New Institute for Sustainability and Energy at Northwestern
Michael Wasielewski named executive director
Michael R. Wasielewski, the Clare Hamilton Hall Professor of Chemistry, has accepted the position of executive director of ISEN, effective Oct. 1. ISEN, which was established five years ago as an Initiative, is changing its name to the Institute for Sustainability and Energy at Northwestern.
As an Institute, ISEN expands its scope by adding the capacity to conduct its own research in a strongly collaborative setting to its existing mission of curriculum development, outreach, and research seed funding.
Professers David Dunand, James and Margie Krebs Professor of Materials Science and Engineering; Mark Ratner, the Larry B. Dumas Distinguished University Chair of Chemistry; and Brad Sageman, professor and chair of Earth and Planetary Sciences, will serve as ISEN co-directors. Under their past leadership, ISEN brought together the strengths of the entire University to catalyze the development of transformational science, technology, education, and policy in the area of energy and sustainability. ISEN will continue to foster and build partnerships between Northwestern and the global energy and sustainability community.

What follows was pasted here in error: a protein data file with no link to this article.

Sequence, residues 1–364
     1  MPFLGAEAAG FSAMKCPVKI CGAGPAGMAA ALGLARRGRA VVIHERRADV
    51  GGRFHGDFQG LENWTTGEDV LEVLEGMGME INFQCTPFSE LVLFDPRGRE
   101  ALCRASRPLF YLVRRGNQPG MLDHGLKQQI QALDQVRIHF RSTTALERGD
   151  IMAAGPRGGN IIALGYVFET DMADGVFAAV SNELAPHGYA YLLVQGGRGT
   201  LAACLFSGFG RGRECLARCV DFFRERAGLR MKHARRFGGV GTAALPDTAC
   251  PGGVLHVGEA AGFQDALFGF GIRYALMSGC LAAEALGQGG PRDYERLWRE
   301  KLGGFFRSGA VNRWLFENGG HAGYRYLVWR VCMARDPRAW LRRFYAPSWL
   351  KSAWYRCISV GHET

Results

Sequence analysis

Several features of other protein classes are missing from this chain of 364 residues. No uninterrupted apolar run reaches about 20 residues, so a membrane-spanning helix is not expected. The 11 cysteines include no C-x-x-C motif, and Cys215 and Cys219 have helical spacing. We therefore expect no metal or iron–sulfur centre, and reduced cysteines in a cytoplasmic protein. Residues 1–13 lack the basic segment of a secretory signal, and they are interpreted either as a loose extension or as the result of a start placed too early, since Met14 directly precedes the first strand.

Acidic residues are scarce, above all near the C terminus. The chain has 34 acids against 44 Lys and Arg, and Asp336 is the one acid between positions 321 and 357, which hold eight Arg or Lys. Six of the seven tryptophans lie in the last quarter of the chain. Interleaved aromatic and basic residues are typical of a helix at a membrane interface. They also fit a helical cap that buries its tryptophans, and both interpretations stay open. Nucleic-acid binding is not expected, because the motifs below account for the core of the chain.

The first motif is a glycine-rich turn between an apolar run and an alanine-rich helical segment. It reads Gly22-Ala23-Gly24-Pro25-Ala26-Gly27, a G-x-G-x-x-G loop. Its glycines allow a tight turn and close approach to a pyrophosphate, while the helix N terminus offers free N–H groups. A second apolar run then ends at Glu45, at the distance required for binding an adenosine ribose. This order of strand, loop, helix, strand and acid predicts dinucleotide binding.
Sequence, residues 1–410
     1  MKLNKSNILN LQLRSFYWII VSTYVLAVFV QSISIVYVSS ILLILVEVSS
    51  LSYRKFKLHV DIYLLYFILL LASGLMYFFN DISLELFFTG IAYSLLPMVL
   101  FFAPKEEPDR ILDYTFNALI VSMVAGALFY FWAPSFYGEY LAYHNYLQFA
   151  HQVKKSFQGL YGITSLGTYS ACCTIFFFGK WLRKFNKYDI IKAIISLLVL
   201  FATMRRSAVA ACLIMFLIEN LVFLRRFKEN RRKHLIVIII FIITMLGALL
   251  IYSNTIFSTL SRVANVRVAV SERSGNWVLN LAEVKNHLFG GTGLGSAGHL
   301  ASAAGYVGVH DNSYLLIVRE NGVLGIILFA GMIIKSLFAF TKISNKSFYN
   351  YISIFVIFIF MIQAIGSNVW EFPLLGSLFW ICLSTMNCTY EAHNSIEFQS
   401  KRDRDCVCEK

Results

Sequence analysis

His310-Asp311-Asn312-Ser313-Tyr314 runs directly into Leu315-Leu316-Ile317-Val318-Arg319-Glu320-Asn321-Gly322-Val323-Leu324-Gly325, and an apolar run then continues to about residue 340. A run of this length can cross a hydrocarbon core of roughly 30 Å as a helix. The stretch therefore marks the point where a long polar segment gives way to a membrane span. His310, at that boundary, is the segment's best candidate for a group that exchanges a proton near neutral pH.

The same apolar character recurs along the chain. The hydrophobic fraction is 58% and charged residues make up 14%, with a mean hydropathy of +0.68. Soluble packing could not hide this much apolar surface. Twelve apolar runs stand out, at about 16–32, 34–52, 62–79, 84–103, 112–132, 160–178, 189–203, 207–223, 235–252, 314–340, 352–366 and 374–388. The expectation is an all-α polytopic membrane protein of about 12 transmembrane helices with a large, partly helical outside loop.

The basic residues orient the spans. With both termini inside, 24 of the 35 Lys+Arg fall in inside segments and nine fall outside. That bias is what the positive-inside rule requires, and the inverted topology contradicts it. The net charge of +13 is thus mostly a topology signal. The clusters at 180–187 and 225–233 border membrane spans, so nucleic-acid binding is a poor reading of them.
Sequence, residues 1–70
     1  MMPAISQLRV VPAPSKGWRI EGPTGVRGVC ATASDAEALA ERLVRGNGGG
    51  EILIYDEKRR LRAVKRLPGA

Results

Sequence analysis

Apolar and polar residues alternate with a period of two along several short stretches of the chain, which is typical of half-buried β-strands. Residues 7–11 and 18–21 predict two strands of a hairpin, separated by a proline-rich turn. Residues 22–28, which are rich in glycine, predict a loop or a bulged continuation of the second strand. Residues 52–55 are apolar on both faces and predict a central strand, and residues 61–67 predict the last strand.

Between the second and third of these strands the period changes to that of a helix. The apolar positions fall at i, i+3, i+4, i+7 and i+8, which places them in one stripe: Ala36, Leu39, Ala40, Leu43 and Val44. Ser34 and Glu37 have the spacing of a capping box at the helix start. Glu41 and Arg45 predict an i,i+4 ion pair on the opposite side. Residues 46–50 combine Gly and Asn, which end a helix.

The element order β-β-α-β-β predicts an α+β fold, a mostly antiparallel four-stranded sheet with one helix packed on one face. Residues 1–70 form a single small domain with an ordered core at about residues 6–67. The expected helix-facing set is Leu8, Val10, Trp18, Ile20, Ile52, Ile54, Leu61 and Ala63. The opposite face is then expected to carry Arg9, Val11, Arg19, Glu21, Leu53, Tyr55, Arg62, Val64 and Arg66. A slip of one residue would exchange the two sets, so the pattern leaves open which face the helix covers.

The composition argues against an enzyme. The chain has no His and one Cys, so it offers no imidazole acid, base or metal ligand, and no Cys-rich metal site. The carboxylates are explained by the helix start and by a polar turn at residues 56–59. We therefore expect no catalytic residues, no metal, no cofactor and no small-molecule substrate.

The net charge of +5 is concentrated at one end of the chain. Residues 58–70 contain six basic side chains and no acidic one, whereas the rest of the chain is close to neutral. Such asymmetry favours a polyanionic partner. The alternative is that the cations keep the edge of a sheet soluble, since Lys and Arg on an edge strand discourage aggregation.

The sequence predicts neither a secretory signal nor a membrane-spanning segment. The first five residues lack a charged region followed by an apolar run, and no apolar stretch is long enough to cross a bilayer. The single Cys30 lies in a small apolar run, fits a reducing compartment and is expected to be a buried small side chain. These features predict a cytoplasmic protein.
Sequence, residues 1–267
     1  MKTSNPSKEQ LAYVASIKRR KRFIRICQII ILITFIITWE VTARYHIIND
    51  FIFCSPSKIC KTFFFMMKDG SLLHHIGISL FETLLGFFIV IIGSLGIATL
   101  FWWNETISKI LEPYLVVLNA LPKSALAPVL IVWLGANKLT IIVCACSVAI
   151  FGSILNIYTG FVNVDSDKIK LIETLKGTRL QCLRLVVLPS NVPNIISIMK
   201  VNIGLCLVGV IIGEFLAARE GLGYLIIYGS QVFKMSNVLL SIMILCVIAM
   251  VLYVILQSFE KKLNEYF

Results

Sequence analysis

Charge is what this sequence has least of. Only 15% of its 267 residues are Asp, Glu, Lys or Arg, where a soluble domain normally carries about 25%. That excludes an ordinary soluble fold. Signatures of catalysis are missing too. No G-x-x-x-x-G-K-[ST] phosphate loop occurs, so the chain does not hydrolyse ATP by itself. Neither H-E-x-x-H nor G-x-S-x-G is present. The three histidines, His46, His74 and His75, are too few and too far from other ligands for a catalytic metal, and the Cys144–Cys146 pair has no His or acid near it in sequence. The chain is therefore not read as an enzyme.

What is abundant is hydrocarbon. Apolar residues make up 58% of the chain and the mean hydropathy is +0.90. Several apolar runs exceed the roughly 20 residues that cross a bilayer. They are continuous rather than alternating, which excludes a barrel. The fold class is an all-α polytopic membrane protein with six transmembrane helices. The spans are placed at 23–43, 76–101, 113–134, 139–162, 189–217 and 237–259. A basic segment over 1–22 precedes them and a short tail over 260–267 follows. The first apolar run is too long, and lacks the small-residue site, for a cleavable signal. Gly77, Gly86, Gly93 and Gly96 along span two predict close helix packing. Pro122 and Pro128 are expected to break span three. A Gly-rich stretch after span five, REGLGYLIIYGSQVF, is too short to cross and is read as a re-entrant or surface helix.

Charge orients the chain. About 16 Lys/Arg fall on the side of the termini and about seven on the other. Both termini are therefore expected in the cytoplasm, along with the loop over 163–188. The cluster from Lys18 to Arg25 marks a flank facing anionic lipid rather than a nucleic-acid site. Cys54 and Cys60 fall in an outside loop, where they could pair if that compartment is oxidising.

Wasielewski joined the faculty of Northwestern in 1994, where he is currently a professor of chemistry. He served as chair of the Department of Chemistry at Northwestern from 2001-2004. He continues his role as director of the Argonne-Northwestern Solar Energy Research (ANSER) Center and of the Solar Fuels Institute (SOFI). He also holds an appointment as senior scientist in the Center for Nanoscale Materials at Argonne.
ANSER and SOFI as well as the Non-Equilibrium Energy Research Center (NERC), and the Center for Catalysis and Surface Science (CCSS) will remain under the ISEN umbrella.
Wasielewski received his bachelor of science (1971) and PhD (1975) degrees from the University of Chicago. Following his graduate work, he was a postdoctoral fellow at Columbia University. He then moved to the Argonne National Laboratory, where he rose through the ranks to become senior scientist and group leader of the Molecular Photonics Group.